I was passing call-through functions so my args list was defined by the
library calling my routines. However, most of the time I didn't need the
arguments, so the compiler kept on spewing either "argument not used" or
"this statement doesn't do anything" warnings.

The ability to suppress certain warnings would be welcomed...

Cheers,
Wol.
--
Anthony W. Youngman - wol at thewolery dot demon dot co dot uk
Witches are curious by definition and inquisitive by nature. She moved in. "Let
me through. I'm a nosey person.", she said, employing both elbows.
Maskerade : (c) 1995 Terry Pratchett

 
 
 

gcc:how to avoid some warnings?

Post by yugam » Tue, 01 Jan 2002 12:31:36


i am a firm believer that code should compile w/ out warning

> I was passing call-through functions so my args list was defined by the
> library calling my routines. However, most of the time I didn't need the
> arguments, so the compiler kept on spewing either "argument not used" or
> "this statement doesn't do anything" warnings.

 
 
 

gcc:how to avoid some warnings?

Post by Donovan Rebbech » Wed, 02 Jan 2002 00:54:31




> I was passing call-through functions so my args list was defined by the
> library calling my routines. However, most of the time I didn't need the
> arguments, so the compiler kept on spewing either "argument not used" or
> "this statement doesn't do anything" warnings.

In gcc, you can fix this by not naming unused parameters.

eg

/* second and third parameters unused, no warnings*/
int foo(int a, int, int )
{
        return 2*a;    

Quote:}

--
Donovan
 
 
 

gcc:how to avoid some warnings?

Post by Loren Lan » Wed, 02 Jan 2002 03:29:42



> i am a firm believer that code should compile w/ out warning

I agree, I even add the -Werror option along with -Wall to gcc
to make sure no warnings get by me.  I've had times before when
a warning (one that isn't produced without -Wall) told me ahead
of time that my program was likely to segment fault if I ran it,
but no errors so my code went ahead and tried to compile everything
instead of quiting immediately.


> > I was passing call-through functions so my args list was defined by the
> > library calling my routines. However, most of the time I didn't need the
> > arguments, so the compiler kept on spewing either "argument not used" or
> > "this statement doesn't do anything" warnings.

--
I sense much NT in you.
NT leads to Bluescreen.
Bluescreen leads to downtime.
Downtime leads to suffering.
NT is the path to the darkside.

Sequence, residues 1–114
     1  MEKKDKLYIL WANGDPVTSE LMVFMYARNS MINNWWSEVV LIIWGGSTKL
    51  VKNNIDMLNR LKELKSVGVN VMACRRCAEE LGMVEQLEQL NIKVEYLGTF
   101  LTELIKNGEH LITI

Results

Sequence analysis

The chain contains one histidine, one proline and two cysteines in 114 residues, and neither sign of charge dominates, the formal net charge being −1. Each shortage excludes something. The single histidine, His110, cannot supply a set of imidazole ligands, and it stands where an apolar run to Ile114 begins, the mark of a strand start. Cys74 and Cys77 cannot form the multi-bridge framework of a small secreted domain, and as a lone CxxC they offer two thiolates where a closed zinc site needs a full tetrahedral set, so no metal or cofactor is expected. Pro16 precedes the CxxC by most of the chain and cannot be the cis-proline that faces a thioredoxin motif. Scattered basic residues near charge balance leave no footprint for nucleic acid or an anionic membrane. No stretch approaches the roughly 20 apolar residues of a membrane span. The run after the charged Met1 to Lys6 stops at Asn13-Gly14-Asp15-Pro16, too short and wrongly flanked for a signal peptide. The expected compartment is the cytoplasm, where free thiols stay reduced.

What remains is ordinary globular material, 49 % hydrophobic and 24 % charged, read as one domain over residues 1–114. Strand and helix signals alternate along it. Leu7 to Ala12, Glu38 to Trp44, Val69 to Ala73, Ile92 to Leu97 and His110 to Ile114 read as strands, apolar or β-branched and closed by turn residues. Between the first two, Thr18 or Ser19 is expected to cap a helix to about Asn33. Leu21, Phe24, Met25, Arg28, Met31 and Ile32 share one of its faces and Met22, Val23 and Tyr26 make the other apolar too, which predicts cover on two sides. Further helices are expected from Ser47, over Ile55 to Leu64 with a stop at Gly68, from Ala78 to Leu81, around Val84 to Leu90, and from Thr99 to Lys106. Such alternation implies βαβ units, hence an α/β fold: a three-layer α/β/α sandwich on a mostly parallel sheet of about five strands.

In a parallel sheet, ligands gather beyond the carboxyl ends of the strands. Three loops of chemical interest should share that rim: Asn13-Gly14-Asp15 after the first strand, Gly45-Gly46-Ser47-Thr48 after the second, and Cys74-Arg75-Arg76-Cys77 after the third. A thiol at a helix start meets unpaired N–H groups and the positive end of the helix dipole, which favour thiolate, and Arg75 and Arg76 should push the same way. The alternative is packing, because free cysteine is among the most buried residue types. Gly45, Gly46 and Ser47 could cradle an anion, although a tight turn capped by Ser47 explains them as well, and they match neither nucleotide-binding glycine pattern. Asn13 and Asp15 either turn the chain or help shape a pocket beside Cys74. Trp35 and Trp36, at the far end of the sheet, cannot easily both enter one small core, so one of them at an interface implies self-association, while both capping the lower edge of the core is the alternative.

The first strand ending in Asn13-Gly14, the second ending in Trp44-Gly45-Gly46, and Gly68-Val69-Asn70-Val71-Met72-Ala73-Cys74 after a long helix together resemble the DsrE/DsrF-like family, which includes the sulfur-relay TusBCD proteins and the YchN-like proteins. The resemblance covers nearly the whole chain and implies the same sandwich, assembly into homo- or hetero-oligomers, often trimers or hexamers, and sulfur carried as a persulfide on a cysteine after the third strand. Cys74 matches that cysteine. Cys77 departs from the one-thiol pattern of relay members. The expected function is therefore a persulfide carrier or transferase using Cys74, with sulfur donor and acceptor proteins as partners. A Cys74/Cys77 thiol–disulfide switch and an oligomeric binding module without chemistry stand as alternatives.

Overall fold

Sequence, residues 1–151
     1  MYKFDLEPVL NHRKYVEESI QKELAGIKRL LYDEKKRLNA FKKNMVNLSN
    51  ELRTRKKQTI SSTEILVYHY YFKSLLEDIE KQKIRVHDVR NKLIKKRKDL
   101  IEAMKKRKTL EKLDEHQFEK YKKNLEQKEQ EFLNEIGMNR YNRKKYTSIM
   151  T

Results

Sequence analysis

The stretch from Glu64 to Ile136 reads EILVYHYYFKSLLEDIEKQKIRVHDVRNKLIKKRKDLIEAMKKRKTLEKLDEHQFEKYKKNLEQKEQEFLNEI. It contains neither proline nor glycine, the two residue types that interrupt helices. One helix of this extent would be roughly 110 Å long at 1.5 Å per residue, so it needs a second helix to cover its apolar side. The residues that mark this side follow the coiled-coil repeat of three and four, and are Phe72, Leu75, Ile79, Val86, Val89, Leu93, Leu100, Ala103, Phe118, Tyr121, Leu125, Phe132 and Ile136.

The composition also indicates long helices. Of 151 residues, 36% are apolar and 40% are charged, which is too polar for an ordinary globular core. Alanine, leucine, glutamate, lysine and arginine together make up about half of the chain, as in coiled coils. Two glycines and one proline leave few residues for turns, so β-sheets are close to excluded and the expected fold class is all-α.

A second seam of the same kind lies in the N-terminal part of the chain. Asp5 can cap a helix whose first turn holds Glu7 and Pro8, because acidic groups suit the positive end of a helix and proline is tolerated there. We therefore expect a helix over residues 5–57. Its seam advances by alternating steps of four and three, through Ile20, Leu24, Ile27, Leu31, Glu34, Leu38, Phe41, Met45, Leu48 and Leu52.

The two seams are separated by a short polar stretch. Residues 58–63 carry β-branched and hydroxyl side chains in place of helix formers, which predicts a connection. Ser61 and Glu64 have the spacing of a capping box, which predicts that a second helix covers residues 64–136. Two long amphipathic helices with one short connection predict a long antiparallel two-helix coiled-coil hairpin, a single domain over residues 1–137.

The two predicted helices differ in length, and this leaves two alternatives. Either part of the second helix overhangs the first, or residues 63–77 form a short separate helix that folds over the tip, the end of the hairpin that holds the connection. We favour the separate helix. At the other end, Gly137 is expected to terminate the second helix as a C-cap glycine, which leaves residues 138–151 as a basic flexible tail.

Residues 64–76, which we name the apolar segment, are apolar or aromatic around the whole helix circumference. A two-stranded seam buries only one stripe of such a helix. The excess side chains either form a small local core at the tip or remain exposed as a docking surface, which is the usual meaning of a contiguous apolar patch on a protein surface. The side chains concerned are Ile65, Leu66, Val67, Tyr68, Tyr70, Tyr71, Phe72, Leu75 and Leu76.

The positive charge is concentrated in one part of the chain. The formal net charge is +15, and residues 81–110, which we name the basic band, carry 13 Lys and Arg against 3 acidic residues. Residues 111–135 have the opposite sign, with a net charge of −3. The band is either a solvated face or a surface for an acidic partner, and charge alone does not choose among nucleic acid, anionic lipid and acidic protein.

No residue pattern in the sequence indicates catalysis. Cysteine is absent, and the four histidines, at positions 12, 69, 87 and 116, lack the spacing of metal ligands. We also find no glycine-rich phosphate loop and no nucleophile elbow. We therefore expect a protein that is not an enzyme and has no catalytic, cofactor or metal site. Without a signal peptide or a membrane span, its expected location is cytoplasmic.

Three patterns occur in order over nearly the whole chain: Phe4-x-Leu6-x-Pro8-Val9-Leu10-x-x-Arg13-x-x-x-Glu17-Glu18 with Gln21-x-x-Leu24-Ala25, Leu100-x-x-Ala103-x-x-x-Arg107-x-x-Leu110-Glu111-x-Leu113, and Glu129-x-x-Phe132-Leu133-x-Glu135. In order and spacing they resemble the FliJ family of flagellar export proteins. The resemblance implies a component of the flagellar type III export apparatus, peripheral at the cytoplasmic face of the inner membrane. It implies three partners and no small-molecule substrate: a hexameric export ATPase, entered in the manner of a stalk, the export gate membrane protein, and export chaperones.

Powerful Unix is.
 
 
 

gcc:how to avoid some warnings?

Post by Anthony W. Youngma » Thu, 03 Jan 2002 08:29:25



writes

Quote:>i am a firm believer that code should compile w/ out warning

So am I. Which is why I was responsible for it becoming policy at my
company that

a) the warning level should be set at max
b) all warnings should be dealt with

However, what do you do when the cause lies in a 3rd-party library and
(1) you can't find a way to suppress the warning, and
(2) you know that the warning is harmless.

Cheers,
Wol.


>> I was passing call-through functions so my args list was defined by the
>> library calling my routines. However, most of the time I didn't need the
>> arguments, so the compiler kept on spewing either "argument not used" or
>> "this statement doesn't do anything" warnings.

--
Anthony W. Youngman - wol at thewolery dot demon dot co dot uk
Witches are curious by definition and inquisitive by nature. She moved in. "Let
me through. I'm a nosey person.", she said, employing both elbows.
Maskerade : (c) 1995 Terry Pratchett
 
 
 

gcc:how to avoid some warnings?

Post by Anthony W. Youngma » Thu, 03 Jan 2002 08:32:23






>> I was passing call-through functions so my args list was defined by the
>> library calling my routines. However, most of the time I didn't need the
>> arguments, so the compiler kept on spewing either "argument not used" or
>> "this statement doesn't do anything" warnings.

>In gcc, you can fix this by not naming unused parameters.

>eg

>/* second and third parameters unused, no warnings*/
>int foo(int a, int, int )
>{
>       return 2*a;    
>}

CHEERS! Not much use to me any more, and maybe not much use then - it
was MS C6, after all - but at least I know now if I hit the same problem
in linux :-)

Cheers,
Wol
--
Anthony W. Youngman - wol at thewolery dot demon dot co dot uk
Witches are curious by definition and inquisitive by nature. She moved in. "Let
me through. I'm a nosey person.", she said, employing both elbows.
Maskerade : (c) 1995 Terry Pratchett

 
 
 

gcc:how to avoid some warnings?

Post by Kaz Kylhe » Mon, 07 Jan 2002 07:25:02



>i am a firm believer that code should compile w/ out warning

That is silly, because C and C++ compiler implementors are free
to add whatever warnings they like, including purely stylistic
warnings that express one developer's religious beliefs.

A conforming ANSI C compiler can warn whenever you place a curly
brace differently from what the compiler writer thinks is elegant.
Are you going to fix all instances of that? What if it contradicts
your local coding standard?

Catering to every single warning that a compiler implementor comes up
with is as irrational as ignoring all of them.

You have to investigate the cause of every warning. Then fix what is
reasonable.

 
 
 

1. avoid a warning for each module on s390x

s390x has a reference to _GLOBAL_OFFSET_TABLE_ in each module
that is resolved by the module loader. This patch prevents
modpost from emitting a warning about that symbol.

--- linux-2.5.63/scripts/modpost.c      Tue Feb 18 18:41:54 2003

                /* undefined symbol */
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                        break;
+               /* ignore global offset table */
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+                       break;

                s = alloc_symbol(symname);